How to Give Your Dog a Buzz Cut

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A well-groomed dog stays cleaner and more comfortable.
A well-groomed dog stays cleaner and more comfortable. (Image: wild eyed shitzu dog image by Jeff Dalton from Fotolia.com)

Grooming your dog is very important in order to keep her clean, comfortable, healthy and attractive. Longer-haired breeds often require more maintenance in order to reduce knots and matting and prevent dirt and feces from sticking to their fur. Dogs of any breed—even short haired—sometimes need help in removing parasites from beneath the fur. Learning how to buzz-cut your dog can help you keep her clean and free of parasites and save you money on grooming expenses as well.

Things You'll Need

  • Clippers
  • Number ten blade
  • Blade lubricant
  • Dog brush

Grooming Your Dog at Home

Brush your dog. Before you give your dog a buzz cut you must thoroughly brush his coat and remove all knots, snarls and tangles. Trying to shave a dog that has knots and tangles in his fur can result in getting your clippers jammed in his fur, which can make the process uncomfortable for him and more difficult for you. Brushing him first can also ensure a more evenly groomed appearance.

Remove all knots from fur prior to clipping.
Remove all knots from fur prior to clipping. (Image: horse and hound brushes image by mark humphreys from Fotolia.com)

Shave around the eyes. Using a No. 10 blade, shave the hair from between your dog's eyes. Starting at the bridge of his nose, carefully shave towards the eyes to remove the fur between them and then away from the eyes to trim the corners, making sure not to poke his eyes with the clippers.

Take extreme precaution around the eyes.
Take extreme precaution around the eyes. (Image: dog eyes image by Vaidas Bucys from Fotolia.com)

Shave her ears. Using one hand to hold your dog's ear open and upward, carefully save around the inside edges of his ears to remove any overgrown or unkempt strands of hair. Flip his ear forward to expose the outer ear and gently move the clippers across the outer ears to remove the fur. Be sure to keep your blade flat and flush against the flesh as not to nick or cut his ears.

Clip the outer ears and inner edges.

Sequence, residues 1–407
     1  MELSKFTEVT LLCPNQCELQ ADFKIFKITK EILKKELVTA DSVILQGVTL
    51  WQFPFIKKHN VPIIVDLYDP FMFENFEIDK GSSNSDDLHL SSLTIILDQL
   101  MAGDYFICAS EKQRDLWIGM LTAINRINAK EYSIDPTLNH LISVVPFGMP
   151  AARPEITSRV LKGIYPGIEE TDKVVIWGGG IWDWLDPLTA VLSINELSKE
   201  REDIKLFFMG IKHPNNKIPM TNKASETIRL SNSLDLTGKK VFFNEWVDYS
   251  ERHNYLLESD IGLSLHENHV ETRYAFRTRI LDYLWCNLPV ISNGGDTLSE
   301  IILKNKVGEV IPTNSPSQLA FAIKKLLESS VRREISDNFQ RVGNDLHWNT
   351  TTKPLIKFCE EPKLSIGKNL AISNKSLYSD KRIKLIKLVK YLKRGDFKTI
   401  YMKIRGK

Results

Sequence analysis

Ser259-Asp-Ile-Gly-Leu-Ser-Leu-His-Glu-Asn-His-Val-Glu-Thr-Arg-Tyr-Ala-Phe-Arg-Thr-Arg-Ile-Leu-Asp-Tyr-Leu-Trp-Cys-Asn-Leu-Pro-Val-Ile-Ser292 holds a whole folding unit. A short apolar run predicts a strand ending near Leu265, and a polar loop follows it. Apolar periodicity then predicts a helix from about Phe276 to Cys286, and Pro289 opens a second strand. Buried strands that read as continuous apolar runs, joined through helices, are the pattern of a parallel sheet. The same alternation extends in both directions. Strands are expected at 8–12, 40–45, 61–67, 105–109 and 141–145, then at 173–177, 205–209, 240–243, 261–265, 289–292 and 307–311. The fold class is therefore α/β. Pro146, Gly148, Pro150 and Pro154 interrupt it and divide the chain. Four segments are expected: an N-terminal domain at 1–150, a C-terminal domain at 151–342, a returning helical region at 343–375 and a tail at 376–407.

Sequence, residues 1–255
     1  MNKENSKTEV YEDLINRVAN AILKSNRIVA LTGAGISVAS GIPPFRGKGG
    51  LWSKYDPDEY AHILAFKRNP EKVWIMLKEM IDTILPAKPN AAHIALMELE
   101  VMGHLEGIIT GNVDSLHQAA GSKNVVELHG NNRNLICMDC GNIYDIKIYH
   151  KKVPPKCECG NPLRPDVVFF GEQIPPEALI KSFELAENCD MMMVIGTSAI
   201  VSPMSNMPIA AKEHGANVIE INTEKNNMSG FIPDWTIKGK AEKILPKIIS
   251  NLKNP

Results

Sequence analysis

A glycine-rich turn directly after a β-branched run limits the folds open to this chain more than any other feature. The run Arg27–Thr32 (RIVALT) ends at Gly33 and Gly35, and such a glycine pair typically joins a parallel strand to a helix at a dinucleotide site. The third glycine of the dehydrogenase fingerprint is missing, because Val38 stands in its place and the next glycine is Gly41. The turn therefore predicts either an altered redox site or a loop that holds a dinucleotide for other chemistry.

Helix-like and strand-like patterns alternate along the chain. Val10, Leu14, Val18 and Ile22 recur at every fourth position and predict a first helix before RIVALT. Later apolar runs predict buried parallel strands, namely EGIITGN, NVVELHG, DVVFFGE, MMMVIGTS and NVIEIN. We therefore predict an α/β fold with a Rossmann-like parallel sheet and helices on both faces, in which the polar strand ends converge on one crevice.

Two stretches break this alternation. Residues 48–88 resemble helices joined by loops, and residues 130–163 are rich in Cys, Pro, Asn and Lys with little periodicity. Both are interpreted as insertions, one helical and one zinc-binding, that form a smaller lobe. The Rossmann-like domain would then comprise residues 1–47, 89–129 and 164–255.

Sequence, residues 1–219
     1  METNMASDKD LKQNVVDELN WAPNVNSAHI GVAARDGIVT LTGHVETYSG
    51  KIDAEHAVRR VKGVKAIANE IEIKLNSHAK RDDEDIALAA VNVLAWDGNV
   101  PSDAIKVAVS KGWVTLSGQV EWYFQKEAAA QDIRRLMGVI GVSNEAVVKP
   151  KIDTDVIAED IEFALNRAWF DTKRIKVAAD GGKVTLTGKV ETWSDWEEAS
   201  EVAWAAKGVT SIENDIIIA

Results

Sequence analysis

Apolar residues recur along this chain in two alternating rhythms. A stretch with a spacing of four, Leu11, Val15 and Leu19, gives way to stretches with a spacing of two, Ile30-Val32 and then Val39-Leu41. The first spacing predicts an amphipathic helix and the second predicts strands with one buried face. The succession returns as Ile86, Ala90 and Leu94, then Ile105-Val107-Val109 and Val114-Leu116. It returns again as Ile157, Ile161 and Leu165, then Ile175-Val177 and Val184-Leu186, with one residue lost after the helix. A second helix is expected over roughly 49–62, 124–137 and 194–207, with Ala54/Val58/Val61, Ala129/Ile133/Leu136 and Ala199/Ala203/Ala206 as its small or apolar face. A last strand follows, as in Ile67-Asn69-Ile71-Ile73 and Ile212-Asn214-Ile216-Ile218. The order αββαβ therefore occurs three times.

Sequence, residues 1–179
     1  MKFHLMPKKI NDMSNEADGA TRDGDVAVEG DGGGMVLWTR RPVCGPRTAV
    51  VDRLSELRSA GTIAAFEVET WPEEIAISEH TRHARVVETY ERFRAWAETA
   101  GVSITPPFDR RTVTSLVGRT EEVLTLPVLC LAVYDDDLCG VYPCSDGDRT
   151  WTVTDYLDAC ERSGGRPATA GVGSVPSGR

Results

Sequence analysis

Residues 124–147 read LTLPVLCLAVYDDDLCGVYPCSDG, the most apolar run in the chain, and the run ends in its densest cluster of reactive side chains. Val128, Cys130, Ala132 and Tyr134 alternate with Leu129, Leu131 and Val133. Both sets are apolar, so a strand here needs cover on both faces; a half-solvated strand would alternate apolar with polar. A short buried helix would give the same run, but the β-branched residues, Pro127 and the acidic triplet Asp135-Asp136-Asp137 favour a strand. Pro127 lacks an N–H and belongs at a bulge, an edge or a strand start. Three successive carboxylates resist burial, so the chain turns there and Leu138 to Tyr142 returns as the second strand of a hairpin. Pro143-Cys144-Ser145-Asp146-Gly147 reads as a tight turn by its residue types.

Clip the outer ears and inner edges. (Image: doberman dog image by petar Ishmeriev from Fotolia.com)

Proceed to the armpit area. With your dog maintaining a standing position, gently lift one of his front legs and hold it upright in a position that is comfortable for him. Carefully run the clippers around his armpit area in several directions until all fur has been removed from the folds in the skin.

Lift his front paws to reach the armpits.
Lift his front paws to reach the armpits. (Image: eversna image by eversna from Fotolia.com)

Begin clipping the groin area. Shaving your dog in his groin area is referred to as a "sanitary cut" and is effective in keeping him clean and free of dirt and feces that can become caught in the fur near the rear end. With your dog in a a standing position, lift his leg--as if he were urinating--and gently clip the fur off moving the blade away from the groin. Repeat this process, lifting the opposite leg to complete the groin area and release the hind leg.

Keep dogs standing to shave groin areas.
Keep dogs standing to shave groin areas. (Image: dog image by Piotr Markowski from Fotolia.com)

Remove fur around the anus. To complete the sanitary cut portion of buzz cutting your dog, you must shave around his anus. While retaining the standing position, gently lift his tail in an upward position and use your clippers to shave away from the anus. Remembering to keep the blades flat, shave upward at the top, downward at the bottom and outward from the sides.

Shave around the anus for sanitary cuts.
Shave around the anus for sanitary cuts. (Image: dog image by Ergün Özsoy from Fotolia.com)

Begin clipping the remainder of the body. Once you have completed the most difficult areas--eyes, ears, armpits, groin and anus--you can complete your dogs buzz cut by trimming the fur from the bulk of his body. Carefully run your clippers across his back, sides, abdomen and the top of his head to remove any fur that is left.

Tips & Warnings

  • Older dogs who have never been buzz cut may not take kindly to the clippers. Start buzz cutting his hair early in life---as a puppy when possible---to ensure that will not be resistant to the procedure.
  • Some dogs are disturbed by the sound of the clippers. Try to find clippers that have quiet or muffled motors to reduce noise and prevent scaring your pet.
  • Fur acts as an insulation against heat. If you give your dog a buzz cut, be sure to monitor his exposure to the sun and intense heat as a precaution against sunburn and skin irritations.
  • Clipper blades can sometimes become heated when in constant use. Be sure to check your blades frequently during use as not to burn your dog's skin. If your blade feels hot to the touch, you can allow it to cool before proceeding, replace it with a cool blade or use a blade lubricant to keep them cool.

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